World No 1 Iga Swiatek has been taking a short break after Paris, preparing herself for Wimbledon and resting her troublesome shoulder.
I don’t always like to talk and think about tennis. Sometimes when I’m on tour, I just need to work for two hours and then completely disconnect from tennis. Iga Świątek
“Due to a recurring pain that I have felt in my shoulder for days, unfortunately I have to inform you of the forfeit from the German tournament,” Swiatek tweeted on her withdrawal from Berlin this week. “I’m sorry I can’t play there.
“I will focus on recovery and rest, with the aim of being ready for Wimbledon.”
With her current run of 35 consecutive winning matches, the Pole will be hoping to extend this on her least favourable surface, the grass at Wimbledon.
“When it starts, I will concentrate only on overcoming the first few games,” she has said. “I’m not going to think about the winning streak, it doesn’t help me.
“Now I have more time for myself and I want to rest as much as possible. I don’t want to force myself to be motivated, I want to relax and not think about competition.
“My head has had enough, because I have been thinking about the competition so many days that now I have to stop for a while.”
A champion of Ukraine, Swiatek takes every opportunity to underscore her support for the war-torn country that neighbours her own of Poland.
Her latest endeavour is a challenge match with former Polish No 1 Agnieszka Radwanska that will take place in Krakow on 23 June, according to Eurosport.
While details had yet to be confirmed, further news on the event is expected over the coming days.
Radwanska, who made the final at Wimbledon as well as two semi-finals at the Australian Open, retired in 2018 after reaching a career high of No 2 in the world.
The idea has come from the United 24 foundation, whose ambassadors are Elina Svitolina and footballer Andriy Shevchenko.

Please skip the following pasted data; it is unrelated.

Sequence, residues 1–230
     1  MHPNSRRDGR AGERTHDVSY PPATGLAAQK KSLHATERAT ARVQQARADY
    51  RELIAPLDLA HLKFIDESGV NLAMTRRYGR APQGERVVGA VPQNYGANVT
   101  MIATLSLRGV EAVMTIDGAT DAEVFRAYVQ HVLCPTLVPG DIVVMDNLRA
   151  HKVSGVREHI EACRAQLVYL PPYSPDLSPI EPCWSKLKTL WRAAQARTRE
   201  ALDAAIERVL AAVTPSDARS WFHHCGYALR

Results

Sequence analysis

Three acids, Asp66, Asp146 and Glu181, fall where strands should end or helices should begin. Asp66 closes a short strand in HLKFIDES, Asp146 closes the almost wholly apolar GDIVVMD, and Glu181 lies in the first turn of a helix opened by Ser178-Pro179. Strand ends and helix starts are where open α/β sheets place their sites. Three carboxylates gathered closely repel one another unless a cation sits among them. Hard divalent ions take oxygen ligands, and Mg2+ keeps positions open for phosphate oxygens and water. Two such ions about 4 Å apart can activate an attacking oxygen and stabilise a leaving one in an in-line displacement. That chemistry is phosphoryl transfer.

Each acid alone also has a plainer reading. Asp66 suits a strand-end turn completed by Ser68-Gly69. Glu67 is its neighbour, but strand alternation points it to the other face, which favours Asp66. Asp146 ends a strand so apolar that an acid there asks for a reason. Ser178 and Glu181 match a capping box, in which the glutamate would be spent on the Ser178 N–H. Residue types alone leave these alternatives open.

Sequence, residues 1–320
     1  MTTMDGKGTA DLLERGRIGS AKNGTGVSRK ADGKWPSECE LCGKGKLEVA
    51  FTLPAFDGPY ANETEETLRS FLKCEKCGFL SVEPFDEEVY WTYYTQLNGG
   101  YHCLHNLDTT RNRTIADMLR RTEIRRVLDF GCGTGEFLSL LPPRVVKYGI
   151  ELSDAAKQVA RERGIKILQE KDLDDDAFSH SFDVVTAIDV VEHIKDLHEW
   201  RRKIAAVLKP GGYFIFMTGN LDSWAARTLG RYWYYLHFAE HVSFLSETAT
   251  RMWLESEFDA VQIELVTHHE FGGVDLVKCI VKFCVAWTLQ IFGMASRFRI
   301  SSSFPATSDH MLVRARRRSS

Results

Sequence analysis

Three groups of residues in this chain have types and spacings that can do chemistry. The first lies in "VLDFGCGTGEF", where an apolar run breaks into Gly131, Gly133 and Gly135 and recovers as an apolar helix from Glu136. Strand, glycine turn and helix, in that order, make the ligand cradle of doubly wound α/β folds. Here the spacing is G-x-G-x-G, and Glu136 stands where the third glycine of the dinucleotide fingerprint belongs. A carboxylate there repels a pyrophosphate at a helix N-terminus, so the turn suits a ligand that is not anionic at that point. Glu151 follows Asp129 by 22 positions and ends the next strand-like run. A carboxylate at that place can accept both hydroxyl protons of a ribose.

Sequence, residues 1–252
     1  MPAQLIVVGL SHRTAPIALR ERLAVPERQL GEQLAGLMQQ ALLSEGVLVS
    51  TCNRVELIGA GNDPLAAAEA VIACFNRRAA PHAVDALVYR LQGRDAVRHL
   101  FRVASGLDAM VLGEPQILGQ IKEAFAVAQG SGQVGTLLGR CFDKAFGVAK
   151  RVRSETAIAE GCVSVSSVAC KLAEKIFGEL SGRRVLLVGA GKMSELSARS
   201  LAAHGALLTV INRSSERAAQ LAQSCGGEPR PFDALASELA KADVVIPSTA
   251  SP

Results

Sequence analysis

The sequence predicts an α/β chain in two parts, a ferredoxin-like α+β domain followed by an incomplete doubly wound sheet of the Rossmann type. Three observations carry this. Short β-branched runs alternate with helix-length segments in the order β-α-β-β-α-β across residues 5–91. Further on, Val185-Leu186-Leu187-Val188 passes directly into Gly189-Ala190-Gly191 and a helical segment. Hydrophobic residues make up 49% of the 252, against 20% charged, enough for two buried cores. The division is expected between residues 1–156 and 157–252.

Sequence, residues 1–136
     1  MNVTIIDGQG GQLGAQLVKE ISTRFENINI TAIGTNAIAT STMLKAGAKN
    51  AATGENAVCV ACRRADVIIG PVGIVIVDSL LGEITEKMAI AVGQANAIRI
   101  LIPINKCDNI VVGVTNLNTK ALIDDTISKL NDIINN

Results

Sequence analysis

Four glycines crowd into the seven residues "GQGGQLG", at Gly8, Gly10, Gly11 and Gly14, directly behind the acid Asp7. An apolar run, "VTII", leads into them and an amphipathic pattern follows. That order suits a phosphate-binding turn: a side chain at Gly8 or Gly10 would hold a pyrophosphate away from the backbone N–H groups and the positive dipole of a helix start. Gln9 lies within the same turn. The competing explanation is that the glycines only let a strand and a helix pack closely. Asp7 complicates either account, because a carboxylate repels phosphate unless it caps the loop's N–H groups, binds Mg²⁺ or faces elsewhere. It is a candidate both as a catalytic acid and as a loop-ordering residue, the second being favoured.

Swiatek’s solidarity with the Ukrainian people was underscored during her award ceremony speech at the Roland Garros, in which she urged them to ‘stay strong’, while she continues to wear a ribbon with the Ukrainian national colours on her hat for all her matches as a reminder of the conflict there.
While the 21-year old is the clear favourite to win the title at Wimbledon, for her The Championships are more about learning how to play on grass, and she now has the man who helped Radwanska to the final on her team, Polish coach Tomasz Witkorowski, whom she brought on board in December 2021 with stunning subsequent results.
Wiktorowski oversaw Radwanska’s run to the 2012 final, as well as the semi-finals in 2013 and 2015, and led the Polish national team at the Fed Cup (now Billie Jean King Cup) from 2009 to 2015.
He has the experience that is particularly helpful to Swiatek, since she is relatively new on tour herself.
“I don’t always like to talk and think about tennis,” Iga Swiatek commented on working with her new coach earlier in the year. “Sometimes when I’m on tour, I just need to work for two hours and then completely disconnect from tennis.
“It’s great that he understands that. He’s great with ideas like going to the movies or the beach. It’s hard to fit them into the schedule sometimes, but he helps a lot with that.”
Swiatek began her partnership with her former coach Piotr Sierzputowski in 2016, and the arrangement brought her 7 titles on the ITF Circuit from 2016 to 2018 while, in 2019, she made her debut in the top 100 WTA rankings and reached her first final at WTA level in Lugano, where she lost to Polona Hercog.
It was under Sierzputowski’s guidance that Swiatek won her first title at Roland Garros in 2020, where she defeated American Sofia Kenin in two sets in the final, prompting the WTA to name him Coach of the Year Award at the end of the year.